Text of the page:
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The meaning of «ls»

In computing, ls is a command to list computer files in Unix and Unix-like operating systems. ls is specified by POSIX and the Single UNIX Specification. When invoked without any arguments, ls lists the files in the current working directory. The command is also available in the EFI shell.[1] In other environments, such as DOS, OS/2, and Microsoft Windows, similar functionality is provided by the dir command. The numerical computing environments MATLAB and GNU Octave include an ls function with similar functionality.[2][3]

An ls utility appeared in the first version of AT&T UNIX, the name inherited from a similar command in Multics also named 'ls', short for the word "list".[4][5][6] ls is part of the X/Open Portability Guide since issue 2 of 1987. It was inherited into the first version of POSIX.1 and the Single Unix Specification.[7]

An ls command is also part of ASCII's MSX-DOS2 Tools for MSX-DOS version 2.[8]

Today, the two popular versions of ls are the one provided with the GNU coreutils package, and that released by various BSD variants. Both are free software and open source, and have only minor syntax differences. The version of ls bundled in GNU coreutils was written by Richard Stallman and David MacKenzie.[9]

Unix and Unix-like operating systems maintain the idea of a current working directory, that is, where one is currently positioned in the hierarchy of directories. When invoked without any arguments, ls lists the files in the current working directory. If another directory is specified, then ls will list the files there, and in fact the user may specify any list of files and directories to be listed.

Files names starting with "." are not listed unless -a (show all) is specified, -A (show all except "." and "..") is specified, or the files are specified explicitly.

Without options, ls displays files names only. The most common options to display additional information are:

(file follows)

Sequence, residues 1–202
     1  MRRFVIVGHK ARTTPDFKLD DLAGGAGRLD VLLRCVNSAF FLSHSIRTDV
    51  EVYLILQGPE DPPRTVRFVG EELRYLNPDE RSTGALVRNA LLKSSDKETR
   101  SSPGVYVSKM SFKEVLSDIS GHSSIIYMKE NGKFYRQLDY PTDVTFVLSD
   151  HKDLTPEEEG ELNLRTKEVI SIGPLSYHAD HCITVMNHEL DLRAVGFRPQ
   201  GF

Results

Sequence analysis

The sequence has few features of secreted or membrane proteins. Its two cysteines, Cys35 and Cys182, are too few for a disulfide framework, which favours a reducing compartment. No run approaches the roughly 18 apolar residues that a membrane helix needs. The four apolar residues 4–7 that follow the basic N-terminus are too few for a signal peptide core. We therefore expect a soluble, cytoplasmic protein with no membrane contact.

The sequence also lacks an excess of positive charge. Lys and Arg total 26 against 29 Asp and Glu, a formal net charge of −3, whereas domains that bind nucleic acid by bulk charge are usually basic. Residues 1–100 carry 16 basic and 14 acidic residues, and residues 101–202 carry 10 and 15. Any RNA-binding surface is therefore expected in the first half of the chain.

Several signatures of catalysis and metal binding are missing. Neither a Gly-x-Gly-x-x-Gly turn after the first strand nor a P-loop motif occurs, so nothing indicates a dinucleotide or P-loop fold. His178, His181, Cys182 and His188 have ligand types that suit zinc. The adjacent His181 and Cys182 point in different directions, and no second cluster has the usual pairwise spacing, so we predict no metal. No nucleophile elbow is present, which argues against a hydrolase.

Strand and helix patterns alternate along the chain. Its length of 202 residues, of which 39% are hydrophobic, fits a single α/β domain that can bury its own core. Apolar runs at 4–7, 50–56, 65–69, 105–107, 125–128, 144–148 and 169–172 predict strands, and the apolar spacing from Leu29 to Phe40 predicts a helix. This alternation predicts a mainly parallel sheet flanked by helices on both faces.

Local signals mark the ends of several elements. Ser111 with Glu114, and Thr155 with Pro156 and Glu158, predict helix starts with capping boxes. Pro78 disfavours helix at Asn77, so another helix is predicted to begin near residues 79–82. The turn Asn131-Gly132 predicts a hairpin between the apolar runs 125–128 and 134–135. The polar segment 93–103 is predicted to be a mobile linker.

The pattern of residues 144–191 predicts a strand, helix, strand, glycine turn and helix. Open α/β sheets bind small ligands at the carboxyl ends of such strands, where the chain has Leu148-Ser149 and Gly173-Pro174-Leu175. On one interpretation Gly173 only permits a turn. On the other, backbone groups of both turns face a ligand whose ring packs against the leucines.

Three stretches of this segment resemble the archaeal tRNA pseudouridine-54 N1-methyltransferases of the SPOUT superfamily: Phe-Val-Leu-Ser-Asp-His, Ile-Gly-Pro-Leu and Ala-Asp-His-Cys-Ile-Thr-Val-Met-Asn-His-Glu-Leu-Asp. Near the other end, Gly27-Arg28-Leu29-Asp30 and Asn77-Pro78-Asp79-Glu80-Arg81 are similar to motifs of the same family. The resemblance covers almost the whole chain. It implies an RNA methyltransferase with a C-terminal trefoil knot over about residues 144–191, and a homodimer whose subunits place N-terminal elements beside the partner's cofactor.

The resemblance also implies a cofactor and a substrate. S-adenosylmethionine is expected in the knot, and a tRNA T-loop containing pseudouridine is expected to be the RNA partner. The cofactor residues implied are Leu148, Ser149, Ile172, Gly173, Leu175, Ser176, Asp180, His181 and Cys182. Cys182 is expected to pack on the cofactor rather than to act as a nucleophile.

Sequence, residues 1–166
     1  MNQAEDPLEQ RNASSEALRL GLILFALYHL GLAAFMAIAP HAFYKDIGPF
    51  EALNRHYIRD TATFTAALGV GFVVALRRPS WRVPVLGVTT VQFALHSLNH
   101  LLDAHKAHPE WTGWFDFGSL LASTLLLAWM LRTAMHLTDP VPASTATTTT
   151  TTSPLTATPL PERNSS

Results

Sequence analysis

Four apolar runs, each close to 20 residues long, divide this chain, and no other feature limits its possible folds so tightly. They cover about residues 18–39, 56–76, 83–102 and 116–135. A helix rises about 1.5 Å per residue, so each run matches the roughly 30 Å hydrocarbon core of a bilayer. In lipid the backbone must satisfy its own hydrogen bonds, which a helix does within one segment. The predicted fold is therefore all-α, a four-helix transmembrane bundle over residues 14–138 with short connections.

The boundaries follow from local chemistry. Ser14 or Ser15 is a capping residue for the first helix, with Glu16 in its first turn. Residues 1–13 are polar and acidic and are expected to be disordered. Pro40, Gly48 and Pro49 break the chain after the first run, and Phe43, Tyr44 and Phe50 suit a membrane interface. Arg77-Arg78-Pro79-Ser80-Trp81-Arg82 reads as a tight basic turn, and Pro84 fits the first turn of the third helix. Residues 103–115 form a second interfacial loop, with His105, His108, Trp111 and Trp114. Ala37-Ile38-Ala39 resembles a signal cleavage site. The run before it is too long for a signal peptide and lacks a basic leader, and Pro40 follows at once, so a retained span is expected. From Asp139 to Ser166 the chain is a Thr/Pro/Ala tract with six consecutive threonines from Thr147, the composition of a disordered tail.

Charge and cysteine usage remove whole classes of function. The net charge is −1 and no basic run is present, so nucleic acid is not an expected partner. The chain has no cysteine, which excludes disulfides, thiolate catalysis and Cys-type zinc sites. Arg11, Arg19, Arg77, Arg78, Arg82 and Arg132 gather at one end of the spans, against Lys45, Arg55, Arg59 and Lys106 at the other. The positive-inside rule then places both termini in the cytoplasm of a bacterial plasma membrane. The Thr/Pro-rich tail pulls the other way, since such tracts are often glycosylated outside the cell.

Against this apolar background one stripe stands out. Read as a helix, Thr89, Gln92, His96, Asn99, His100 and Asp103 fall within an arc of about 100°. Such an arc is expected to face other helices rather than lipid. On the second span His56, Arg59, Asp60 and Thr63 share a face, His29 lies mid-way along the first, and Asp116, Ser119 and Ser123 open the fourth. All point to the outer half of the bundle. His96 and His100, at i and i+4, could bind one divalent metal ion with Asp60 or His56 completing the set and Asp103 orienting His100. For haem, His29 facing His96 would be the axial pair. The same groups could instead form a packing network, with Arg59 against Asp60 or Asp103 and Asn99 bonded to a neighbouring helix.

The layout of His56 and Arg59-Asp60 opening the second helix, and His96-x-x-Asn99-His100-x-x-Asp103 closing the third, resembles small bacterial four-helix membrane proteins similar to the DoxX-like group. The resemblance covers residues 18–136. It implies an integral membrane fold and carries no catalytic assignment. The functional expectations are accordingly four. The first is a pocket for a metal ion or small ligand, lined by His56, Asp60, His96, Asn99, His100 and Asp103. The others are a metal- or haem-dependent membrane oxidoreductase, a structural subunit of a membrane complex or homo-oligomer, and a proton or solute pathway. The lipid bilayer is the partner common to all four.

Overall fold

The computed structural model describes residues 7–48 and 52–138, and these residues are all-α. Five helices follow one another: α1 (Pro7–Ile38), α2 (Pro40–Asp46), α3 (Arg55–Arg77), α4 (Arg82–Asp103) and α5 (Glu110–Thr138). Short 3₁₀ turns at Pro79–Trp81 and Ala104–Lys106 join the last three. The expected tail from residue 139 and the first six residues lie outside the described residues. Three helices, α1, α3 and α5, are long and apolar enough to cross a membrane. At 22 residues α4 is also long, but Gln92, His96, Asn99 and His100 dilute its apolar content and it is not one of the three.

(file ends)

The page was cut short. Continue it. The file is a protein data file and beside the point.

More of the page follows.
Additional options controlling how files are displayed include:

It is frequently possible to highlight different types of files with different colors, instead of with characters as -F would. This is an area where the two main ls versions differ:

When the option to use color to indicate file types is selected, the output might look like:

-rw-r--r-- 1 tsmitt nregion 26650 Dec 20 11:16 audio.ogg brw-r--r-- 1 tsmitt nregion 64, 64 Jan 27 05:52 bd-block-device crw-r--r-- 1 tsmitt nregion 64, 255 Jan 26 13:57 cd-character-device -rw-r--r-- 1 tsmitt nregion 290 Jan 26 14:08 image.png drwxrwxr-x 2 tsmitt nregion 48 Jan 26 11:28 di-directory -rwxrwxr-x 1 tsmitt nregion 29 Jan 26 14:03 ex-executable -rw-r--r-- 1 tsmitt nregion 0 Dec 20 09:39 fi-regular-file lrwxrwxrwx 1 tsmitt nregion 3 Jan 26 11:44 ln-soft-link -> dir lrwxrwxrwx 1 tsmitt nregion 15 Dec 20 10:57 or-orphan-link -> mi-missing-link drwxr-xrwx 2 tsmitt nregion 4096 Dec 20 10:58 ow-other-writeable-dir prw-r--r-- 1 tsmitt nregion 0 Jan 26 11:50 pi-pipe -rwxr-sr-x 1 tsmitt nregion 0 Dec 20 11:05 sg-setgid srw-rw-rw- 1 tsmitt nregion 0 Jan 26 12:00 so-socket drwxr-xr-t 2 tsmitt nregion 4096 Dec 20 10:58 st-sticky-dir -rwsr-xr-x 1 tsmitt nregion 0 Dec 20 11:09 su-setuid -rw-r--r-- 1 tsmitt nregion 10240 Dec 20 11:12 compressed.gz drwxrwxrwt 2 tsmitt nregion 4096 Dec 20 11:10 tw-sticky-other-writeable-dir Sample usage[edit]

The following example demonstrates the output of the ls command given two different arguments:

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lsa* lsb* lsc* lsd* lse* lsf* lsg* lsh* lsi* lsj* lsk* lsl* lsm* lsn* lso* lsp* lsq* lsr* lss* lst* lsu* lsv* lsw* lsx* lsy* lsz*
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